Joe Biden won the Democratic nomination, and ultimately the presidency, not only because he wasn’t Donald Trump but because he also convinced enough swing state voters that he wasn’t Bernie Sanders. He’s a centrist with an agenda that first allayed the fears of moderate Democrats and then their Republican counterparts.
The Biden-Harris campaign emphasized its political bona fides as centrists with its pushback against the charges of “socialism” Trump levied on the ticket before Election Day. Yet, even after the Electoral College had formalized Biden’s election, the President-elect made sure to remind reporters his centrism wasn’t just for show. He told them he’s as ready to fight the left wing of his own party as he is to fight Republicans, referring to his primary opponents by saying “I respectfully suggest that I beat the hell out of everyone else.”
Not surprisingly, Biden’s immediate political focus will be to attempt a hard reboot to January 2017. Much of his presidency will be defined by his success in restoring the status quo ante — reversing Trumps’s tax cuts, actions on immigration, environmental policies, and executive orders, including military directives, that undermined non-discrimination protections for LGBTQ Americans.
For those of us in the broader LGBTQ community, there’s little reason to imagine we’ll be in a substantially better position at the end of Biden’s administration than we were at the end of Obama’s. Despite a lengthy and detailed campaign platform, including a promise to make passage of the Equality Act a legislative priority during his first 100 days in office, Biden’s in no position to advance anything through a Republican Senate, assuming Democrats fail to pick up the two Georgia seats this week. And with the selection of Pete Buttigieg for a place in his Cabinet, he’s signaling that he already knows it.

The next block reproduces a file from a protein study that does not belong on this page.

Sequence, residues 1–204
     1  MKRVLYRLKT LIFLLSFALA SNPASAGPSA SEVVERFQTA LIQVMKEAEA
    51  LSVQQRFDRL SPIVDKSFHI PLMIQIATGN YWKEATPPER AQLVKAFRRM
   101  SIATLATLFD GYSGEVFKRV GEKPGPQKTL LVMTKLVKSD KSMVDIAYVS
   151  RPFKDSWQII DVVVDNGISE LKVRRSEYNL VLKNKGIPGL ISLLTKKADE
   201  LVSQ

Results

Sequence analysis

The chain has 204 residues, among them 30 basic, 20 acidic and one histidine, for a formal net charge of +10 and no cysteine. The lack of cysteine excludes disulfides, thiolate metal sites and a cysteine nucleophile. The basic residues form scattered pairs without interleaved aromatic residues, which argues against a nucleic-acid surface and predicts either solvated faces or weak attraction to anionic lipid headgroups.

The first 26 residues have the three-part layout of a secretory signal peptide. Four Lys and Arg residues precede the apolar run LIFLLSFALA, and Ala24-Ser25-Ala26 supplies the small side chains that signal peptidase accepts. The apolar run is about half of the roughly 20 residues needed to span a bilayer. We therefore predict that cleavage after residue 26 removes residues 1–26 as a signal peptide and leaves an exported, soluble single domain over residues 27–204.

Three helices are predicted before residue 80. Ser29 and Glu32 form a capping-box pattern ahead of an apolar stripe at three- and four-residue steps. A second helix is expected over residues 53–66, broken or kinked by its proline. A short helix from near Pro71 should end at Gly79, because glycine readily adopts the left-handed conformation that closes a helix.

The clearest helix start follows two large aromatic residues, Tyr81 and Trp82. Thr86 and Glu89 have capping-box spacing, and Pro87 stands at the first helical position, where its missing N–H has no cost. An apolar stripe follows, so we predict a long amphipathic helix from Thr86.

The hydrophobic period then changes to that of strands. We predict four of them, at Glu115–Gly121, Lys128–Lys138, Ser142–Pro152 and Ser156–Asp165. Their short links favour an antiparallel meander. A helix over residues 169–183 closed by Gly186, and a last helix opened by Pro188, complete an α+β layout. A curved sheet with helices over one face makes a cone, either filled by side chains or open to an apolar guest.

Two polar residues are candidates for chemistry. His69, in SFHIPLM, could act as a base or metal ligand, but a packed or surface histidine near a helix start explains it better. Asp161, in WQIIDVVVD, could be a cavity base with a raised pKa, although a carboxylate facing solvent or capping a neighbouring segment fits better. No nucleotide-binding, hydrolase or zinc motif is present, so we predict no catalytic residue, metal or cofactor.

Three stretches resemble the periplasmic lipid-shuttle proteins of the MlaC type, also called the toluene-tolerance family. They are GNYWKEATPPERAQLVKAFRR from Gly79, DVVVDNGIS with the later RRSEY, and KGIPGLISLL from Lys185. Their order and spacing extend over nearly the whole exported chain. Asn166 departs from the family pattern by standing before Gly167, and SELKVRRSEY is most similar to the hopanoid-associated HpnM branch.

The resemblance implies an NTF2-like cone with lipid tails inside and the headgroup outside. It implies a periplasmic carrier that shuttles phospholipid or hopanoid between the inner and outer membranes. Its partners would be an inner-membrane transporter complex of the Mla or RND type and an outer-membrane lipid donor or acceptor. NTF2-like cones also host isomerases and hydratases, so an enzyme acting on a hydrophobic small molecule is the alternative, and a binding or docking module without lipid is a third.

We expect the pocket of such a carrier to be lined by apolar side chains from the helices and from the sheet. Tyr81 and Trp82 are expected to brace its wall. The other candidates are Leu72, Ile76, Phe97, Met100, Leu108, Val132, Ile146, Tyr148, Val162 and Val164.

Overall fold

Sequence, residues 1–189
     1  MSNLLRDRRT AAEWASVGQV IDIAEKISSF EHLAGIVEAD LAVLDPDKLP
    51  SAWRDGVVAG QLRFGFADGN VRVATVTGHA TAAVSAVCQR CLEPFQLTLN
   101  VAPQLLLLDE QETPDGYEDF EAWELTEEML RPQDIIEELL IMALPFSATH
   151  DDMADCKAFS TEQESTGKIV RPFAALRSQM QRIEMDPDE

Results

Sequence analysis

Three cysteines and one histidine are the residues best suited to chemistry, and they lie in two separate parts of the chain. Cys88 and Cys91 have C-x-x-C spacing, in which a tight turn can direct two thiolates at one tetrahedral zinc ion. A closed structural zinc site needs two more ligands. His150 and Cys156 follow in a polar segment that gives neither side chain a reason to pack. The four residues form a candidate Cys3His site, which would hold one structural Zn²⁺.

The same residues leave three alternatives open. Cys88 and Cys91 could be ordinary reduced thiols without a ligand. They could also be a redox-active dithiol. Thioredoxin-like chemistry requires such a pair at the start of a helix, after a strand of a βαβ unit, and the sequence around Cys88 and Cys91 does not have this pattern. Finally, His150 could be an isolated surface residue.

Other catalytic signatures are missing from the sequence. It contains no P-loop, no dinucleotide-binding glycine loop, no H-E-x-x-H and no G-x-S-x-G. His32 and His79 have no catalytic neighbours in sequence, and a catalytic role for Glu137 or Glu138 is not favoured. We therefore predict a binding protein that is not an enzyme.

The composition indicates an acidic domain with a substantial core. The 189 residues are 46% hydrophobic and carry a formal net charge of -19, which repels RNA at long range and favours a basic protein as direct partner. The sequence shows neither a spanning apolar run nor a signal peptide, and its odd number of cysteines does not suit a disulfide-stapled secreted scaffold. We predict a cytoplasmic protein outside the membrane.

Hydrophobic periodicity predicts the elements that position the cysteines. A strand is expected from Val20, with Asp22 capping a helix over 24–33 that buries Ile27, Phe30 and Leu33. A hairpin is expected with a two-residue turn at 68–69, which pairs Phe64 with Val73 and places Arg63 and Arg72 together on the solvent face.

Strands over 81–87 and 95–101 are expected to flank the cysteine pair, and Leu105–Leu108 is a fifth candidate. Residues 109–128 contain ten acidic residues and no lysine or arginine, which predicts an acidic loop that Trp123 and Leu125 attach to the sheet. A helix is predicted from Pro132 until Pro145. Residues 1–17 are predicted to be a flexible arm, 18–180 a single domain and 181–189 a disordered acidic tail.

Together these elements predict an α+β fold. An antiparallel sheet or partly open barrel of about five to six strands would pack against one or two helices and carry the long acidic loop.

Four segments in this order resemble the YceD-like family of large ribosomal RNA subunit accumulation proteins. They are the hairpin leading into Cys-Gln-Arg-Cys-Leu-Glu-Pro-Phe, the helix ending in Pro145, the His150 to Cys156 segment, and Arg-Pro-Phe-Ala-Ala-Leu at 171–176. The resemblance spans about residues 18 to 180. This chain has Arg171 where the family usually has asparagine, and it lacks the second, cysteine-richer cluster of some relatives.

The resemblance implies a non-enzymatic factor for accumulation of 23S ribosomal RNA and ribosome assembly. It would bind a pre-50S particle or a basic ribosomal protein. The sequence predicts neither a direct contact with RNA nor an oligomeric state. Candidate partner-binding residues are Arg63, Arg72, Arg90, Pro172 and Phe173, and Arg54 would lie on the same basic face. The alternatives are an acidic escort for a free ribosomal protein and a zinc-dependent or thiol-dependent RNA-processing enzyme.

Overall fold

By naming Buttigieg to be his Secretary of Transportation, Biden kept his promise of putting an LGBTQ-identified person in the Cabinet — certainly an historic event and a praiseworthy demonstration of commitment to his ideals. But there are other prominent, and far more qualified LGBTQ people in public life whom Biden could have chosen to lead the Department of Transportation. Sean Patrick Maloney is one of them. He’s a congressman from New York who’s served in the House of Representatives for eight years and is a member of its Transportation and Infrastructure Committee. Another is Anise Parker who currently leads the LGBTQ Victory Fund and formerly served as both mayor and controller of the City of Houston.
Buttigieg, distinct from the rest, offers Biden a high degree of complaisance. Being eager to serve the interests of those in power who might promote his own station, Buttigieg can be expected to dutifully appear on behalf of the administration whenever someone is required to rationalize the lack of White House action on behalf of LGBTQ Americans.
Biden will subsume all of Pete’s short political career — along with his marriage — into a larger story arc where President Biden, not President Obama, becomes the main political figure in realizing LGBTQ equality since 1996. As a senior member inside the Biden administration, Buttigieg will be used as a symbol to solidify Biden’s narrative of pushing Obama toward backing gay marriage in 2012. Whenever possible, Pete will be the benchmark against which Biden measures the history of our movement for equality, his role in it, and his future ambitions for LGBTQ people (even if his presidency achieves none of them).
Unlike the openly LGBTQ members of Congress and governors whom Biden could have selected as Cabinet officials, Pete’s political career was otherwise at an apparent end. Elevating Pete over the rest makes Biden the hero who acts on behalf of LGBTQ people. What we might accomplish separately, and outside the political center, will be minimized.
At first glance, Pete’s inclusion in the Biden Cabinet appears to be a huge win. But it’s worth further inspection lest we overlook the fact that it may also be the only true “progress” we see from the new administration.
Brian Gaither (@briangaither) is an LGBTQ activist and writer living in Maryland.